Working Remotely
Information Security Best Practice


Information Security Best Practices (ISBP) are developed in support of District Information Security Standards including the California Community College Information Security Standard.

Working from Home

As we adjust to a new environment where many of us work remotely from home, new challenges arise. Cyber-criminals see those challenges as opportunities to be exploited. In an effort to provide cyber-security guidance to those working from home, the California Community Colleges Information Security Center prepared the following information. 

Although you might already be familiar with some of the topics (like social engineering), you might not be familiar with others (like home network security). The topics below are fundamental to basic cyber-hygiene, so you should take the time to familiarize yourself with all of them. 

1. Social Engineering

The first major risk to consider is social engineering attacks. This is where an attacker(s) attempts to take advantage of an unsuspecting user in order to obtain confidential information or the means to access that information. This process is simplified when staff members transition out of the office into their own homes.

The videos linked below will help you identify common aspects of social engineering, and the steps they need to take if they suspect they have been targeted. These materials cover email phishing attacks as well as phone calls, text messages, and social media.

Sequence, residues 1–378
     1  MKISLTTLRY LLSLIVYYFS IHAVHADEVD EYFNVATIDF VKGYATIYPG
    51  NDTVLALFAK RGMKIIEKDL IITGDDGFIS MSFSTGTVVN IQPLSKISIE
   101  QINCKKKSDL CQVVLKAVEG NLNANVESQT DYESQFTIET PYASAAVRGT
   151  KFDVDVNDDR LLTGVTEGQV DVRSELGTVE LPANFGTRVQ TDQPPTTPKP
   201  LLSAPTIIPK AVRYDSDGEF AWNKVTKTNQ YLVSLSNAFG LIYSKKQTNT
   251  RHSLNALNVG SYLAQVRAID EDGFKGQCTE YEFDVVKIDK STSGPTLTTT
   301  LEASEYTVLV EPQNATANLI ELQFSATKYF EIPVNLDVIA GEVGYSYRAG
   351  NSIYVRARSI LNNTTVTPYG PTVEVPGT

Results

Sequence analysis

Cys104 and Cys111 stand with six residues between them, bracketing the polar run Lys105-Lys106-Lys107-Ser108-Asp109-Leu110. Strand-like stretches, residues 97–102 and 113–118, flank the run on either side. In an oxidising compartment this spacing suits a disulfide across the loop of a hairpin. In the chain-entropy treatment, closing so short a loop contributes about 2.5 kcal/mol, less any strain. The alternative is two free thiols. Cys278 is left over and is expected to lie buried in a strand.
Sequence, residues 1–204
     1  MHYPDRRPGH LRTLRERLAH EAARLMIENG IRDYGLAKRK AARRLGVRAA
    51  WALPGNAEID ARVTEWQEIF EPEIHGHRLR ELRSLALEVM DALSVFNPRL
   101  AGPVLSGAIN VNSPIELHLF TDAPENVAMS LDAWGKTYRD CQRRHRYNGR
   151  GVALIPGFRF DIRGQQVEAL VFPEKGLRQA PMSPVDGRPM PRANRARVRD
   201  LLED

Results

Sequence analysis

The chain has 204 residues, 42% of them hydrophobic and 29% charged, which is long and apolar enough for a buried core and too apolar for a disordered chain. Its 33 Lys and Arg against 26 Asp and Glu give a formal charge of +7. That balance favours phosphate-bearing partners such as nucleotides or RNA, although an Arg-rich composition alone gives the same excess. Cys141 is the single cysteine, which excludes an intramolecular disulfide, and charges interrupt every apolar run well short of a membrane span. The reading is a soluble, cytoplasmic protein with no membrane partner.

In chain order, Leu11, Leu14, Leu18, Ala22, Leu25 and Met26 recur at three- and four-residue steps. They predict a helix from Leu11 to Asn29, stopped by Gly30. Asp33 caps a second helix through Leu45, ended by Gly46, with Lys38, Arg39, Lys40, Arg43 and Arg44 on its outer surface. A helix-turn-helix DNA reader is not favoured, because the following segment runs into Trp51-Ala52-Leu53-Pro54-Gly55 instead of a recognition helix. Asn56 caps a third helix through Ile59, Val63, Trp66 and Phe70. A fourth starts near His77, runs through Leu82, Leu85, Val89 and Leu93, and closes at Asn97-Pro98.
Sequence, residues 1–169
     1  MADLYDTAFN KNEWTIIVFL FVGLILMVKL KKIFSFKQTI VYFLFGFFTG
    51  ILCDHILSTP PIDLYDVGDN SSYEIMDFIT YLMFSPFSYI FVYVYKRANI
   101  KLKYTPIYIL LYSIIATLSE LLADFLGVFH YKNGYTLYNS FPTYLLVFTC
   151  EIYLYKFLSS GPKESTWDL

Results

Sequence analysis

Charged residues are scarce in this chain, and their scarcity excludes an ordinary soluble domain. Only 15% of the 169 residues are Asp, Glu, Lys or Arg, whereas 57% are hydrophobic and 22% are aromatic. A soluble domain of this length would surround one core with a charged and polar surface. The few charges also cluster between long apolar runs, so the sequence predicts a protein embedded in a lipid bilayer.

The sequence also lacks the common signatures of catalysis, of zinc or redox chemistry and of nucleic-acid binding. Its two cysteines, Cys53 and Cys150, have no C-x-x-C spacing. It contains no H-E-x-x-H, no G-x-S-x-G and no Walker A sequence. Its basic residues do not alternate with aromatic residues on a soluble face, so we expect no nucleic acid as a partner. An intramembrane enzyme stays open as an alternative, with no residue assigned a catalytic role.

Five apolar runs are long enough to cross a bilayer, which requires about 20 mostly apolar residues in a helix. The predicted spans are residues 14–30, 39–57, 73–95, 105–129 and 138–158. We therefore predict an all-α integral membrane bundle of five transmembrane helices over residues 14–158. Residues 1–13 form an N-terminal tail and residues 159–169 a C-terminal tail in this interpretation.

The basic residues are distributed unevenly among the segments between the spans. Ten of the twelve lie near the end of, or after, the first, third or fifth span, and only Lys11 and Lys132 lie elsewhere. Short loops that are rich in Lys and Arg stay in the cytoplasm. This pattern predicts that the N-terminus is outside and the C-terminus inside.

2. Home Network Security

The second major risk is having an unsecured home network. Wireless networks are the general means of connectivity in homes, usually controlled by a router setup by an Internet Service Provider (ISP); for example, FIOS, Spectrum, Xfinity, AT&T, etc.  You will have to consult your router’s documentation or contact the ISP for instructions, which will be specific to your router.

First, you should change the default administrator password to access the router’s configuration dashboard. This should comply with password complexity guidelines, covered in the next section. You should also make sure that the password is WPA2 encrypted, which can be configured in the router’s dashboard. 

A further consideration is to set up a separate guest network. Having a separate network for guests will prevent them from potentially accessing work devices. 

Additional tips are provided in the following video:

3. Passwords

The third major risk is weak passwords. According to the latest Verizon Data Breach Investigations Report, weak passwords are the primary vulnerabilities that result in data breaches. Following are four general recommendations you can take to help mitigate this risk:

  • Use password managers (e.g., LastPass, 1Password, Google Password Manager)
  • Implement two-factor authentication where applicable
  • Do not share credentials with anyone
  • Implement a cycle in which passwords are required to be reset based upon the risk factor associated with that account.

For more information regarding password recommendations, see Best Practices for Passwords and Passphrases.

4. Software Updates

The fourth major risk is outdated software, which is often open to vulnerabilities. Try to use the latest version of operating systems and applications on your desktops, laptops, and cellphones. Additionally, users should only be installing software from verified vendors and sources.

For more information about malware, please see the following. 

5. Devices 

When working remotely, users need to be careful about what devices they use (work or personal), where they use them, and what networks they connect to (coffee shops, hotels, air ports, etc.), and to make sure that others do not use district devices (including family, and friends).  


If you have any questions regarding this advisory, please feel free to email the Office of Information Security.